Pacific Coast Railway
The Pacific Coast Railway was a 3 ft (914 mm) narrow gauge railway on the Central Coast of California. The original 10-mile (16 km) link from San Luis Obispo to Avila Beach and Port Harford was later built southward to Santa Maria and Los Olivos, with branches to Sisquoc and Guadalupe.
|Headquarters||San Luis Obispo|
|Dates of operation||1882–1941|
|Track gauge||3 ft (914 mm)|
|Length||76 miles (122 km)|
The Santa Maria Valley of the central California coast was isolated by the Santa Lucia Range to the north and the Santa Inez Range to the south. El Camino Real traversed the difficult La Cuesta pass to reach San Francisco via the Salinas Valley or San Marcos pass to reach Los Angeles via Santa Barbara. The 1,800-foot (550 m) People's Wharf was built at Port Harford in 1869 to transfer freight and passengers from Pacific Coast Steamships Mohongo, Orizaba and Gypsy operating between San Francisco and San Diego. Goodall, Nelson and Perkins steamships Ventura and Constantine began weekly service to Port Harford in 1873; and Ah Louis built a horse-powered, 2 ft 6 in (762 mm) narrow gauge tramway in 1873 to transport passengers and freight between Port Harford and a wagon road at Avila Beach.
In 1876, Pacific Coast Steamship Company replaced the tram with the 3 ft (914 mm) narrow gauge steam-powered San Luis Obispo & Santa Maria Valley Railroad to San Luis Obispo. Operations began with ten boxcars and one coach pulled by a 2-4-2 and a 4-4-0 built by Baldwin Locomotive Works. San Luis Obispo rail yard warehouses became a commercial center for inbound merchandise and outgoing shipments of hay, grain, dairy products, sheep and cattle. The rail line was extended from San Luis Obispo to Arroyo Grande in 1881 and to Santa Maria in 1882. Grant Locomotive Works built another 4-4-0 and two 2-6-0 locomotives to pull a fleet of 120 new flatcars. A new 3,000-foot (910 m) wharf at Port Harford was 80 feet (24 m) wide with tracks extending the full length.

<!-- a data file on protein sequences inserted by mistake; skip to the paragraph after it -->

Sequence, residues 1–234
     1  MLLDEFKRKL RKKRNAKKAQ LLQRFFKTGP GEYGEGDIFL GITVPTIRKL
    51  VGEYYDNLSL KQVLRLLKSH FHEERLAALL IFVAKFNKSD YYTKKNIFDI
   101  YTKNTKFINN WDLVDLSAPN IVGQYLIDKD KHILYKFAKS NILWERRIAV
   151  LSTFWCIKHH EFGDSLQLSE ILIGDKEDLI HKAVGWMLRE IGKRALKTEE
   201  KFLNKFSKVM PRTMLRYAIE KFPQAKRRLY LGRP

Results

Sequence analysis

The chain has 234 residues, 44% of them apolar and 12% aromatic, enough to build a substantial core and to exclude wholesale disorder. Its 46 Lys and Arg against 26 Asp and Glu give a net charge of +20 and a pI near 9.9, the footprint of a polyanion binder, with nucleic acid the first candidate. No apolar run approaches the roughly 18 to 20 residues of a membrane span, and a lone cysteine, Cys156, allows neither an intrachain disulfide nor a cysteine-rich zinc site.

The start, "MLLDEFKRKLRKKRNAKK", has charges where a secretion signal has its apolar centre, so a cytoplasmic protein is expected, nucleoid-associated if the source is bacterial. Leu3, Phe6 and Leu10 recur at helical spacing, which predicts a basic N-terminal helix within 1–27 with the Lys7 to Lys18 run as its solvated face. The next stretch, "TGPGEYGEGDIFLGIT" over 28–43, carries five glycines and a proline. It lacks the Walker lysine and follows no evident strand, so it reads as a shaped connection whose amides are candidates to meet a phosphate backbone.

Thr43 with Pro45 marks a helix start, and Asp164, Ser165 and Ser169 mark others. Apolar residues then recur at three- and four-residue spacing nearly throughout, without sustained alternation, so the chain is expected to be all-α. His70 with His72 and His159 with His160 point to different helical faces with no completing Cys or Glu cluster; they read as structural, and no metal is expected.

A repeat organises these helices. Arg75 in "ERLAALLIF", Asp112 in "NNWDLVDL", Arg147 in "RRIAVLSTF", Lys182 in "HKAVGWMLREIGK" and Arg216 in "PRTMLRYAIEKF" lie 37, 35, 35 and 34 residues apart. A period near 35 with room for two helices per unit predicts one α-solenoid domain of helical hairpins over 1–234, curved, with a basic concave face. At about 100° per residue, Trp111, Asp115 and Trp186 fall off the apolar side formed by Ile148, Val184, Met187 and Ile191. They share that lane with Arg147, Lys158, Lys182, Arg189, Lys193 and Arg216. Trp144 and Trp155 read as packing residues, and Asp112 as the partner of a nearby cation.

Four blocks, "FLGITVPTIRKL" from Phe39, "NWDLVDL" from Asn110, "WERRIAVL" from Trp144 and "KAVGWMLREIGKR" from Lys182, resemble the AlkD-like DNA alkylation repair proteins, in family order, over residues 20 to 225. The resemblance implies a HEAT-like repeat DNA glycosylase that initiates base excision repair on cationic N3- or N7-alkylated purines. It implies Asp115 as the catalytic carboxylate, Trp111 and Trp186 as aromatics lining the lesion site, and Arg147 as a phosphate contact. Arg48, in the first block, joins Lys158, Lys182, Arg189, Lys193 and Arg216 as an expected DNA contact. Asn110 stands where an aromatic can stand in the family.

Oregon Improvement Company obtained controlling interest in the Pacific Coast Steamship Company in late 1882, reorganized the railroad as the Pacific Coast Railway, and extended the line to Los Alamos. The next project was to replace the heavy grade of the original tramway alignment with a deep rock cut and long fill. The line was then extended to Los Olivos in 1887. A fire in 1892 destroyed the San Luis Obispo car shops, grain warehouse, loaded freight cars, half of the railroad's passenger cars and all the cabooses while heavily damaging the station and freight warehouse. Operations were profitable enough to promptly repair the damage. Passenger traffic though Port Harford declined when Southern Pacific reached San Luis Obispo from San Francisco in 1894. Southern Pacific freight rates were high enough to keep most Santa Maria Valley freight on the steamboats; but the loss of passenger traffic put the Oregon Improvement Company into receivership. The reorganized railroad built a 4 miles (6.4 km) branch line in 1899 from Santa Maria to a new Union Sugar Company beet refinery in Betteravia.